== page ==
After a year of stringent, exciting and tough times alike of completing the course, Siti worked at a spastic centre in Petaling Jaya for two years. And as the saying goes, if you have studied a Montessori course, you can brazen yourself to work anywhere at all including at a special needs centre.

When there was an opportunity to accompany her brother and his family, to Wisconsin, USA, Siti went on the bandwagon and was fortunate to attend many human development classes in the University of Madison. Her knowledge about child psychology and behaviour modification patterns expanded. She was equally impressed by the operation of a day care centre which was managed mostly by parents in conducting programmes for babies and very young children.

Upon returning from US after her sister-in-law’s completed her studies, Siti opened her first day care centre, My Tree House Of Children, her style and her way, the Montessori way in 1986, at Datok Keramat, Ampang, Selangor. Her very young niece was her first student. The first area she set up in the centre was the Practical Life and Early Sensorial area, in which the materials were mostly prepared and made by her and a carpenter. There was no Montessori manufacturer or shops at the time and carpentry work was cheaper to hire.

There is certainly a bright flame to teach, nurture and care for young children in Siti, which all parents can see when they send their children to her centre. Siti admits that somehow she understands children and they approach her naturally even after they have grown up into young adults with their own families. The lack of a child-friendly and child-centered educational place during the mid-1980s was also a large factor for her to set up her own centre so that her nephews and nieces can have a suitable place to go to during their kinder-years.

[Siti shared something that resonates with my concept of a school appearance too, that a kindergarten or early years centre need not be bright with colourful and fluorescent colours. In fact, a plain and pastel colour is the best combination of hues for optimum teaching and learning to take place. There is a whole load of articles and research written on this premise alone. For us Montessorians, the concept is pretty straightforward and simple. The idea of the environment is to allow smooth ‘communication’ between the child and the material as no to let any other agents or factors in the environment, like the coloured wall, shelves, mats or even teachers to interfere with the internal and cognitive learning process of the child.]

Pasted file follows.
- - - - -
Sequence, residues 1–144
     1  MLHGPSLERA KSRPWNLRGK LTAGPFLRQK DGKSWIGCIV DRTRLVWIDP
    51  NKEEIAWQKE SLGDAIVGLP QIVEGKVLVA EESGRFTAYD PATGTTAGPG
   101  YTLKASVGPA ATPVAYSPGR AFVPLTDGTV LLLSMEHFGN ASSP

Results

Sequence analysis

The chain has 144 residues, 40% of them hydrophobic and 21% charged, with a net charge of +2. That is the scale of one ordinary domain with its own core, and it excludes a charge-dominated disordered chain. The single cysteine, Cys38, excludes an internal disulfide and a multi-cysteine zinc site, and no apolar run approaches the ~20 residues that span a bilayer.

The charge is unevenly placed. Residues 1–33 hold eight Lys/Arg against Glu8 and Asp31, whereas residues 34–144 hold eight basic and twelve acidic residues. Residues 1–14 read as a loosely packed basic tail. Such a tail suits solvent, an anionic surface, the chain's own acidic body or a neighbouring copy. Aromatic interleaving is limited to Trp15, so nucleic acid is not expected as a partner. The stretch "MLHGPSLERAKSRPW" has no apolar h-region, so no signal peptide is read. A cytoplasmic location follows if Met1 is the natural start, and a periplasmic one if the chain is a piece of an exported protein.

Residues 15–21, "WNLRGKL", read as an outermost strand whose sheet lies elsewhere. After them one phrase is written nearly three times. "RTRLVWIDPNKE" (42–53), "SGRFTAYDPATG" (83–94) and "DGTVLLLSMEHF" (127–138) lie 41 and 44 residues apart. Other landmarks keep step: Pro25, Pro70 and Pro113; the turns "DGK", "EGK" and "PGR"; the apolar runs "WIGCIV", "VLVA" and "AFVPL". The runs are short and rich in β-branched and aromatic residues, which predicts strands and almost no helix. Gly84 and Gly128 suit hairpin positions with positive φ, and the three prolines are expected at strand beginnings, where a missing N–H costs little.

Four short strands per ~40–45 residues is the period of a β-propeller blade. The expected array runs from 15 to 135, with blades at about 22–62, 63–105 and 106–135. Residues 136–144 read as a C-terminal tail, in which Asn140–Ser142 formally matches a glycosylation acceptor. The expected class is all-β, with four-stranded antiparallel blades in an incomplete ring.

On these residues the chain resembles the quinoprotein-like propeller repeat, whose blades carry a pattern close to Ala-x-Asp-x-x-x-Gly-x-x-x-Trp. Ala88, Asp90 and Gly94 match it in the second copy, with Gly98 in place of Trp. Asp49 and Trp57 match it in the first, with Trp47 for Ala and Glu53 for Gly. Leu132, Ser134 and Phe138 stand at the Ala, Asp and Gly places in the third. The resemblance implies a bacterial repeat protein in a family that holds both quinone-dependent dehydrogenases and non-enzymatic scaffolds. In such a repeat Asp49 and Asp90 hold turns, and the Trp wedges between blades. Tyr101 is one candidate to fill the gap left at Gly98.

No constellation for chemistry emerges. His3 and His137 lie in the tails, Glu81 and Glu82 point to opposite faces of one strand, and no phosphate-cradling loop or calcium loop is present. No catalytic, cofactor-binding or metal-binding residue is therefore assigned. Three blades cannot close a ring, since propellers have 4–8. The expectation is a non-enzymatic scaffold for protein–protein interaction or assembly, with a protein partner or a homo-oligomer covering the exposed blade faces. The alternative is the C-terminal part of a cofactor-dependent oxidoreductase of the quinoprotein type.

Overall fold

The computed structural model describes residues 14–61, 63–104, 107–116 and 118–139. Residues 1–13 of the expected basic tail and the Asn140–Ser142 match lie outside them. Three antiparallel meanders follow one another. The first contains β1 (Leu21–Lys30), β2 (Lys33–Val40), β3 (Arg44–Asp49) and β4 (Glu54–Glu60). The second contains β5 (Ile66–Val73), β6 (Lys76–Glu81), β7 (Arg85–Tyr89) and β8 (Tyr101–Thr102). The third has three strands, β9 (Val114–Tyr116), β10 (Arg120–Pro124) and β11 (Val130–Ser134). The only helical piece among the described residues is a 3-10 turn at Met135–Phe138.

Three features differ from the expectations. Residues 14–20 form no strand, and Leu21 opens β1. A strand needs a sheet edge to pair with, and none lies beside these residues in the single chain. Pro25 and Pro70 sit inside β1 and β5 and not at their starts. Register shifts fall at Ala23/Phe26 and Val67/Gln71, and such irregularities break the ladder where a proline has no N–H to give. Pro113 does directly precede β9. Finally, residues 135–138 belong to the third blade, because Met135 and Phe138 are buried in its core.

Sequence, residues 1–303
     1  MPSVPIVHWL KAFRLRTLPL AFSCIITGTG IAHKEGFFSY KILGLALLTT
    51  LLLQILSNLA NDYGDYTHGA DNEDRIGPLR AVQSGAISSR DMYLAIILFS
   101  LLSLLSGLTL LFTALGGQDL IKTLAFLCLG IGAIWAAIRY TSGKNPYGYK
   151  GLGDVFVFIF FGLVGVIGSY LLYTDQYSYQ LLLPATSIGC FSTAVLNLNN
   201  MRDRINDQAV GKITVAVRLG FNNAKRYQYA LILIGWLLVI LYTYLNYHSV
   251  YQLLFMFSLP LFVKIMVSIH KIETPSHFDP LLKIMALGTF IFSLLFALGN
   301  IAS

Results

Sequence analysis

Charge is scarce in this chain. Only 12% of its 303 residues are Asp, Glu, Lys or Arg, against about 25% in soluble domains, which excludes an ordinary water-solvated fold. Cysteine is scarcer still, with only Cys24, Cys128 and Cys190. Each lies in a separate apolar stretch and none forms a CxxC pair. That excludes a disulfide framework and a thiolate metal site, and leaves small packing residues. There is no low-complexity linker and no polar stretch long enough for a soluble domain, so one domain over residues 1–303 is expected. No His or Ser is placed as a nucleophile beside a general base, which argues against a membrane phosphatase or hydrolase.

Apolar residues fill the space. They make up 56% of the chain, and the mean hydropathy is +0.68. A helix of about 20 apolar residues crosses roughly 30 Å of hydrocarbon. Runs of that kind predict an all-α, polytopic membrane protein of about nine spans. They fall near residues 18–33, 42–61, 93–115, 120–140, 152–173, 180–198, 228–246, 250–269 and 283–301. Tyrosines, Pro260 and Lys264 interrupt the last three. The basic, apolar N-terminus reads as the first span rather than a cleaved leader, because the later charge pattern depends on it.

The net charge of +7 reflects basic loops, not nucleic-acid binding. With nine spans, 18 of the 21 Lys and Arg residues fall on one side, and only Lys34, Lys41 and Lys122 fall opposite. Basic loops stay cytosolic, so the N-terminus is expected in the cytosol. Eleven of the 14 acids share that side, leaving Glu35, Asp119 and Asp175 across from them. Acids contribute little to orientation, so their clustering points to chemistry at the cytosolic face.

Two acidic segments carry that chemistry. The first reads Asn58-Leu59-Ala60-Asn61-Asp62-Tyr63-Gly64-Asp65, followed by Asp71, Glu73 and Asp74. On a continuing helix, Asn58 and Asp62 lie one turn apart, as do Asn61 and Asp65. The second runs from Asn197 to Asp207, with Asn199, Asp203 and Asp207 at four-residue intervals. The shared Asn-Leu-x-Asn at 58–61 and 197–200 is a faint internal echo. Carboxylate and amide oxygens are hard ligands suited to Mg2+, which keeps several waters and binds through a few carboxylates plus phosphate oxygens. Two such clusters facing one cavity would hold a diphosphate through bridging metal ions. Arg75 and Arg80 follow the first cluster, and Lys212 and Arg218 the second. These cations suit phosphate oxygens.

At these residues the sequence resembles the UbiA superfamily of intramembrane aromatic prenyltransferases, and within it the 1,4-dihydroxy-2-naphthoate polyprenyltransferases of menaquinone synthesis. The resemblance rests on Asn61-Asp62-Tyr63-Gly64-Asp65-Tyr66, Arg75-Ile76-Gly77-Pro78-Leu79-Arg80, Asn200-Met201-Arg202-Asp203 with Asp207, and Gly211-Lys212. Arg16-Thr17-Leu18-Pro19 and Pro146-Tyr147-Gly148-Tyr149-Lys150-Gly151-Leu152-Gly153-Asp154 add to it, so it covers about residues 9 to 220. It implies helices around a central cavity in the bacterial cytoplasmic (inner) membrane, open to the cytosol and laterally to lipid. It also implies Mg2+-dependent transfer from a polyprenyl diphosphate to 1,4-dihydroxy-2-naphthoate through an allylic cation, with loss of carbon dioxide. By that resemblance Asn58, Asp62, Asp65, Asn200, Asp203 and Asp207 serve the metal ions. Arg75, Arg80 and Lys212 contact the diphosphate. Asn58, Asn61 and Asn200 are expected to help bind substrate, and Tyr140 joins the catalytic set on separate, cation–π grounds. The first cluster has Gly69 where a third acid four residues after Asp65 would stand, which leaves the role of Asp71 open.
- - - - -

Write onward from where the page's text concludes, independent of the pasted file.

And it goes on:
After nearly three decades, Siti opened her second school in 2015, in SS17, Subang Jaya and another new one to be opened in the very near future. For a person who chooses quality over quantity, her advice to future Montessori school owners is, “…you have to persevere, expect for the worse and your pocket must be very deep, because for at least three years you will see a lot of expenditure than earnings.” Siti motivates herself to strive ahead in this business by looking at her batches of children who are now adults with their own families and offsprings. “My first batch of graduates is in their 30s and has finished their tertiary education. My niece is 31. Seeing them growing up to the person they have become today, tells me that what I am doing with the school is right.” And if you have any doubts about your journey as a Montessorian, or just feel exhausted at the end of the day, Siti strongly suggests going for a holiday and come back recharged and rejuvenated.